In Washington, President Lincoln and Secretary of War Edwin M. Stanton decided that the defeat of Jackson was an immediate priority (even though Jackson's orders were solely to keep Union forces occupied away from Richmond). They ordered Irvin McDowell to send 20,000 men to Front Royal and Frémont to move to Harrisonburg. If both forces could converge at Strasburg, Jackson's only escape route up the Valley would be cut. The immediate repercussion of this move was to abort McDowell's coordinated attack with McClellan on Richmond. Starting on May 29, while two columns of Union forces pursued him, Jackson started pushing his army in a forced march southward to escape the pincer movements, marching forty miles in thirty-six hours. His army took up defensive positions in Cross Keys and Port Republic, where he was able to defeat Frémont and James Shields (from McDowell's command), respectively, on June 8 and June 9. [17]

Following these engagements, Union forces were withdrawn from the Valley. Jackson joined Robert E. Lee on the Peninsula for the Seven Days Battles (where he delivered an uncharacteristically lethargic performance, perhaps because of the strains of the Valley Campaign). He had accomplished his mission, withholding over 50,000 needed troops from McClellan. With the success of his Valley Campaign, Stonewall Jackson became the most celebrated soldier in the Confederacy (until he was eventually eclipsed by Lee) and lifted the morale of the public. In a classic military campaign of surprise and maneuver, he pressed his army to travel 646 miles (1,040 km) in 48 days of marching and won five significant victories with a force of about 17,000 against combined foes of 60,000. [18]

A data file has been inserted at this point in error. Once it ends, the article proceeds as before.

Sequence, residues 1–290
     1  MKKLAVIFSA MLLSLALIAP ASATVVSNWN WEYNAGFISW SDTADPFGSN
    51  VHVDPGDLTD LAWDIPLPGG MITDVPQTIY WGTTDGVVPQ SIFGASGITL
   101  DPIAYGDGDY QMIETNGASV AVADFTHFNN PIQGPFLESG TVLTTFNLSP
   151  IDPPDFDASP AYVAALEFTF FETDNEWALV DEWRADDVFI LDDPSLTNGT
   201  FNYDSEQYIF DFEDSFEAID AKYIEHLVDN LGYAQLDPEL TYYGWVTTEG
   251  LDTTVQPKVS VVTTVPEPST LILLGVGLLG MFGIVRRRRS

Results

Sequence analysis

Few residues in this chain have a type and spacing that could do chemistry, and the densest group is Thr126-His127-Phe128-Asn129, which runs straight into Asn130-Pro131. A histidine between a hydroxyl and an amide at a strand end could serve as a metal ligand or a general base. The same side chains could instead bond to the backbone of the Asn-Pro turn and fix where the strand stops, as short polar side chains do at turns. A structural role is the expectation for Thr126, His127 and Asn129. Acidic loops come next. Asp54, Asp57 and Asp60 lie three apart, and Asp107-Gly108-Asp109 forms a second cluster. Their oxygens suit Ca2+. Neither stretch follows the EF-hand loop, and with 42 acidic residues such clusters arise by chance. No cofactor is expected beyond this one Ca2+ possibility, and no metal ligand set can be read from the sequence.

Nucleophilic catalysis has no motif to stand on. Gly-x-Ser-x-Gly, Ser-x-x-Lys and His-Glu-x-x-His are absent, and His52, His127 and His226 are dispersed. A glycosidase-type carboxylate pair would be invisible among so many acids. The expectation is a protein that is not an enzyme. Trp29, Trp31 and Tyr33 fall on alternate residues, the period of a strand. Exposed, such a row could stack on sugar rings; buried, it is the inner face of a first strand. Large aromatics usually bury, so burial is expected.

George B. McClellan spent the winter of 1861–62 training his new Army of the Potomac and fighting off calls from President Lincoln to advance against the Confederates. Lincoln was particularly concerned about the army of General Joseph E. Johnston at Centreville, just 30 miles (50 km) from Washington. McClellan overestimated Johnston's strength and shifted his objective from that army to the Confederate capital of Richmond. He proposed to move by water to Urbanna on the Rappahannock River and then overland to Richmond before Johnston could move to block him. Although Lincoln favored the overland approach because it would shield Washington from any attack while the operation was in progress, McClellan argued that the road conditions in Virginia were intolerable, that he had arranged adequate defenses for the capital, and that Johnston would certainly follow him if he moved on Richmond. This plan was discussed for three months in the capital until Lincoln approved McClellan's proposal in early March. By March 9, however, Johnston withdrew his army from Centreville to Culpeper, making McClellan's Urbanna plan impracticable. McClellan then proposed to sail to Fort Monroe and then up the Virginia Peninsula (the narrow strip of land between the James and York rivers) to Richmond. Lincoln reluctantly agreed. [19]